So, I am wondering why some cake decorating classes cost so much freaking money? I mean hundreds of dollars for one day of instruction?
To charge as much for a one or two day class as it costs to take a semester of a class at college seems a bit ridiculous.
I've just been looking at lots of different classes out there lately and think it is just really over the top. Why are we taking advantage of each other?
These are very specialized classes, not just anyone can teach them.
How much is a course in Medical School? To me, some of these classes are at such a high level and you learn so much - so many tricks and tips that can take you from an average baker to an artist depending on what you do with the information.
Most of the time those prices will include supplies. Also, the teacher usually has to travel and has those expenses to cover. Like anything else, you have to pay to learn. I personally dont mind paying a premium price to learn from the masters! The experience and the knowledge have been well worth the few classes I've taken.
As Patti said, there are expenses involved with the class.
I haven't seen a class that cost in the hundreds that did not involve supplies included. This means that the instructor has to have 18-20 or what ever the cut off number of each supply for the students to use. If you have even bought one set of cutters/molds/vieners you can see how expensive this would get. Not even just owning but storing and traveling with.
Some classes, those that deal with internal structures, have the added expenses of those products, along with cake, icing and so on.
You are also paying for a knowledgeable instructors time. Doesn't he or she deserve to get paid for their time away from their lives as well? And yes there are travel expenses involved, unless you go to them.
Would I shell out hundreds of dollars to take a Nic Lodge class or a class with Mike McCary, or any of the other awesome cake decorators out there? You bet! Because they are great at what they do and just to even walk away with some of them tips would be well worth the class. Also alot of those classes are small so you are getting more one on one hands on from them.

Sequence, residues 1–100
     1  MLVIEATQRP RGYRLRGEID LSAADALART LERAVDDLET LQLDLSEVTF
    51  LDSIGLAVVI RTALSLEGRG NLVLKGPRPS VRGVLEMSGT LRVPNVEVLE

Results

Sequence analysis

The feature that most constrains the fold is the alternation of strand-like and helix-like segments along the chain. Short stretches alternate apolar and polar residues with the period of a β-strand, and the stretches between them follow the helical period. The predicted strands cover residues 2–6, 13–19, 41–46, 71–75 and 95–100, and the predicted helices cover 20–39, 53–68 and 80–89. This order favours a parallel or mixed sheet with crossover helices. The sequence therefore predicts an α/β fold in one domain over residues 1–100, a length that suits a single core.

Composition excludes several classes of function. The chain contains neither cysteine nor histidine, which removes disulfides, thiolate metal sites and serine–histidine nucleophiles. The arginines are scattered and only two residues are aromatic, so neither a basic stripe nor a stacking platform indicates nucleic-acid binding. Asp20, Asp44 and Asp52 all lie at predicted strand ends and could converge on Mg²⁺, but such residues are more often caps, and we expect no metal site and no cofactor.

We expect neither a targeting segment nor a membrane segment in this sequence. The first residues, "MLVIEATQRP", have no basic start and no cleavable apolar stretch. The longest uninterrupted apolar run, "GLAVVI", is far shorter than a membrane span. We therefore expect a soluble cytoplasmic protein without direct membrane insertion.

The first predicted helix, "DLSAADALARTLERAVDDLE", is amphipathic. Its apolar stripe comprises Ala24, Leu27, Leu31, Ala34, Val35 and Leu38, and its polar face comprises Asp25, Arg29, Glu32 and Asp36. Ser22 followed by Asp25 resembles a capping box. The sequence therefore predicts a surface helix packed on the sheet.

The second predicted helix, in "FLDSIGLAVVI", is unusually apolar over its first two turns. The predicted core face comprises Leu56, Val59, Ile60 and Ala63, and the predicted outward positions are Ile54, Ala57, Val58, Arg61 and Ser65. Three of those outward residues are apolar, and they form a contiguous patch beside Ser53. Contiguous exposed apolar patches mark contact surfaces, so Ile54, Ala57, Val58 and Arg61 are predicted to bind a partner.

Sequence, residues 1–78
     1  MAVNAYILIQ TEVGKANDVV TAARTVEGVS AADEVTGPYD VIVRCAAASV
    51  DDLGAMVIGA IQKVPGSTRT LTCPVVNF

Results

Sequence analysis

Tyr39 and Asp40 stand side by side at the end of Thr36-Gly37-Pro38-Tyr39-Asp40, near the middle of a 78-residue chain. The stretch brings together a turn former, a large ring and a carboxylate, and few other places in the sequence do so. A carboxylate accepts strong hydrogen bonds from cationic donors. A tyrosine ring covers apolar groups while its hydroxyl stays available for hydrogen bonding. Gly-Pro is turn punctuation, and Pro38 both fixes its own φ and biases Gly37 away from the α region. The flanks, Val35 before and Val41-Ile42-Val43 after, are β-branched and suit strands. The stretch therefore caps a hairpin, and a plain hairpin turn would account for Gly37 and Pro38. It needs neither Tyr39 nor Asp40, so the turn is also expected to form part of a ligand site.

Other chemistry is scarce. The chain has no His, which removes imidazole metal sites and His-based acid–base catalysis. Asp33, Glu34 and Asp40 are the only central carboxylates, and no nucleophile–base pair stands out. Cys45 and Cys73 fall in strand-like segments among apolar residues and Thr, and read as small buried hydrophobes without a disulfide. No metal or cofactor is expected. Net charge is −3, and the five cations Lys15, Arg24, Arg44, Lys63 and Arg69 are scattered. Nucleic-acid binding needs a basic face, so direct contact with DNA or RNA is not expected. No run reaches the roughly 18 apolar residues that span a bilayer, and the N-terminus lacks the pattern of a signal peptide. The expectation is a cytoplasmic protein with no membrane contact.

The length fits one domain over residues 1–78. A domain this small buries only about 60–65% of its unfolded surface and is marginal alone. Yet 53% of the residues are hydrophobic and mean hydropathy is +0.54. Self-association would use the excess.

Another thing to consider is that you aren't going to pay $300 for a Nic Lodge class and leave just learning one thing. You are paying $300 (or what ever) for 2 or 3 6-8 hour days of lessons from him and leave learning how to make several different flowers, color and dust them and how to put them together in an arrangement.
Now would I pay the same amount for a class from some stranger in my town? Nope, not at all. But those that do go around in the cake communities are usually very respected in the cake world and have an awesome talent.
If you aren't looking for something incredible expensive, then there is always the Wilton Classes. They are cheaper in class cost, but then you will end up spending anywhere from $30 and up on supplies, usually closer to $50 or more a month. And you are only get 8 hours of instruction spread out over 4 weeks. And while I think that the Wilton classes are a great jumping off point (I am a Wilton instructor) they are no where in the same league of a Nic Lodge class.
I can tell you personally why I charge the tuition I charge for cake classes. I do not make 100% profit - far from. There are many expenses that I have to cover with the fee for the class. Here are a few: supplies, airfare (if needed) or gas for car, hotel, lunch for the students in the class, rental of facility in which class is being held, and my time. By the time everything is paid for I make about the same as if I was in my shop.
Because we limit the number in the class so that we have plenty of one on one time with everyone, we have to charge a little more to cover all the costs. I could charge less if I had more students, but when doing hands on classes, large classes are a nightmare to teach and I do not feel that it is fair to the people taking the classes. We also try to rent culinary schools and the like, as they have adequate kitchen and counter space for everyone - most venues are not able to offer this. These venues are harder to book and therefore more expensive, but well worth everyone having their own space. I hope this helps answer your questions.
I still think spending more for a one day class then I pay for my car is crazy. Two, Three, Four days, sure...but one day at over $300 is too much. Too bad there isn't a way to figure out how to cut down on the teachers expenses and still make a profit. And by profit, I mean, not enough to pay my car off LOL.
Well if you figure that one out I'd like to know how you did it. And it's not just the expenses, you can't expect these people to work for minimum wage. By the way, what will you be charging for the Cricut classes when you start teaching them. I'm sure the class you're taking from Linda McClure isn't cheap.